hearing loss is easy

Hearing Loss is Easy…?

It’s EASY to convince ourselves that we’re doing ‘fine’ with our hearing loss:

That we’re catching most of what’s said,
Well, at least the important stuff – the rest’s not really worth listening to
And no, we don’t intend to do anything about it
Like getting a hearing aid or cochlear implant –
Those are for other people, who have real problems.

It’s EASY to give in to frustration and the emotional roller coaster of hearing loss:

Because nothing has ever prepared us for this –
This…invisible separation…from the life we’re used to,
And the people we were close to.
It’s like standing outside, looking through a window
Rapping on the glass and trying to talk to our family on the inside.
It hurts.

It’s EASY to slip into bad habits of bluffing, of tuning out:

Because we just can’t get what’s being said,
Even though we’re trying so hard to follow.
It makes us tired
And before we even realize it,
We’re nodding and smiling as if we’re totally in the conversation
And we hope no one calls us on it.
Because we would be embarrassed – and they would be irritated.

It’s EASY to blame other people for communication breakdowns:

“They won’t face me,
They forget all the time,
They just…they just don’t understand.
Even though I’ve explained it
Over and over again.
I’ve done all I can and now it’s up to them.
Hell, I’m the one with the damn hearing loss!
How about a little consideration?”

It’s EASY to blame our hearing loss for everything that’s not going right:

“My marriage would be better if it wasn’t for my hearing
My kids wouldn’t laugh or take advantage of me
I would be happier at work,
I’d feel better about myself
And I could focus my energy on making things better
Instead of using it all up
On trying to communicate,
Or even hiding it completely
And don’t tell me that’s wrong, that I shouldn’t do it –
I’d like to see you struggling every day, all day,
With hearing loss like mine.”

It’s EASY to let hearing loss define us:

Life was better before.
Now it’s not.
My hearing loss affects everything,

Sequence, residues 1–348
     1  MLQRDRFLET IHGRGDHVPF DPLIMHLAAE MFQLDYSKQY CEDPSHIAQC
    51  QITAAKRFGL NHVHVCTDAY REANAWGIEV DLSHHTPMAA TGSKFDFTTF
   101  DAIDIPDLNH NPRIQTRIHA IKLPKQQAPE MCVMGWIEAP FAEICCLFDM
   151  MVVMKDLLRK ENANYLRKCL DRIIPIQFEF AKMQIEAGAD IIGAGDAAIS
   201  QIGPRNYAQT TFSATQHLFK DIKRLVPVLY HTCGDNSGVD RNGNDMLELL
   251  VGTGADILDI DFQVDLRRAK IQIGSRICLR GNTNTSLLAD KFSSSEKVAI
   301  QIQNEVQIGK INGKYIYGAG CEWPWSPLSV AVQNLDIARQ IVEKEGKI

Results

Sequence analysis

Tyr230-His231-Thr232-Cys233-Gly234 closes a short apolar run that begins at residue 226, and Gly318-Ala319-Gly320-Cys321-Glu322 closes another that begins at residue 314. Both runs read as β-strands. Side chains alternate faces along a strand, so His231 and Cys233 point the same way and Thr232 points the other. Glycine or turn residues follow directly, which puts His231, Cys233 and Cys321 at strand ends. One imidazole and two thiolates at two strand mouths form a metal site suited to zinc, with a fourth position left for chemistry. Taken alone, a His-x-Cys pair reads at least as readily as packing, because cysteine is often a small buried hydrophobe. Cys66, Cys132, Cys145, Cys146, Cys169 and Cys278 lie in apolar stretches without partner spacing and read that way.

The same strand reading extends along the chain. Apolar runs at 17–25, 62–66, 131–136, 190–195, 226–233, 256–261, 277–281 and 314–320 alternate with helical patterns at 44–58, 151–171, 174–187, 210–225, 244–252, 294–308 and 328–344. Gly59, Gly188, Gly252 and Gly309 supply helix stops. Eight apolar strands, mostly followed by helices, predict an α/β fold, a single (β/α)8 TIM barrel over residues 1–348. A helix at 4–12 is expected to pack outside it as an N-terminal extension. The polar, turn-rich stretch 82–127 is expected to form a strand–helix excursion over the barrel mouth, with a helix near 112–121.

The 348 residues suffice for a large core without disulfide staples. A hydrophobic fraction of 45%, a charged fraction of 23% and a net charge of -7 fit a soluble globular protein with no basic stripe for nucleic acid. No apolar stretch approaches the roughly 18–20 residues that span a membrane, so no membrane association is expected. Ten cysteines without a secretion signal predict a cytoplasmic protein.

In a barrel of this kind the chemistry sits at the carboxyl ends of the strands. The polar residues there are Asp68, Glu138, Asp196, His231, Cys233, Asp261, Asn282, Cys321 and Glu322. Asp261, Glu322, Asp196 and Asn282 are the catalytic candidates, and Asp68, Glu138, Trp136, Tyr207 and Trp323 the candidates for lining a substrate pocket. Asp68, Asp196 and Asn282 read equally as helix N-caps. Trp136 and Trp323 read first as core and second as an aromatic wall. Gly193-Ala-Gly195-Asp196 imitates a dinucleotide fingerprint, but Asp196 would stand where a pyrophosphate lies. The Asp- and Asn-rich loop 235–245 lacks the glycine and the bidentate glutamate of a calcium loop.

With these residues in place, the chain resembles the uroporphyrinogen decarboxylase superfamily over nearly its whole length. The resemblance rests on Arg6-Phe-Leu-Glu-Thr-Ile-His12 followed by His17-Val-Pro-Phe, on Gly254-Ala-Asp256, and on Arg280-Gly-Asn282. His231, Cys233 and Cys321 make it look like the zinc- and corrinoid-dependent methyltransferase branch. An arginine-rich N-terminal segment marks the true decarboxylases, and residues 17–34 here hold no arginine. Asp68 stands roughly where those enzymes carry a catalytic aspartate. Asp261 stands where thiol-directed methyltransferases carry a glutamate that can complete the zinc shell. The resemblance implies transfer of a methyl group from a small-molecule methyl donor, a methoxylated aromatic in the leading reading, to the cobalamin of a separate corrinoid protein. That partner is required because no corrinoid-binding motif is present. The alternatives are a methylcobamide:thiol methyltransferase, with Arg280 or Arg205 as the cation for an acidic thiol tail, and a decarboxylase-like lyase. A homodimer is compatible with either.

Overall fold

Everything I do, everyone I talk to.
I am my hearing loss.

No one ever said that having hearing loss is easy. But it doesn’t always have to be this hard, either.

We all have bad hearing days when we want to crawl into bed and pull the covers over our head. But if we stay in hiding, if we keep crying, our negative attitudes may harden into cement, making it difficult to break free.

There’s another “easy” lesson if we want to take it. Help is available, standing by, waiting. Reach out. This may not be the easiest, but it might be the best lesson for living with hearing loss.

 

(Adapted from The Easy Lessons of Hearing Loss, the Better Hearing Consumer, 2013.)

 

 

About Gael Hannan

Gael Hannan is a writer, speaker and advocate on hearing loss issues. In addition to her weekly blog for HearingHealthMatters.org, which has an international following, Gael wrote the acclaimed book "The Way I Hear It: A Life with Hearing Loss". She is regularly invited to present her uniquely humorous and insightful work to appreciative audiences around the world. Gael has received many awards for her work, which includes advocacy for a more inclusive society for people with hearing loss. She lives with her husband on Vancouver Island, British Columbia, Canada.

3 Comments

  1. Thank you so much for this article! All of the issues you talk about I can relate to! I have 14 grandchildren and I have let each one know how they need to get my attention…I love them all and that matters most! They understand it better than some older adults do! Have a great day!
    Scott

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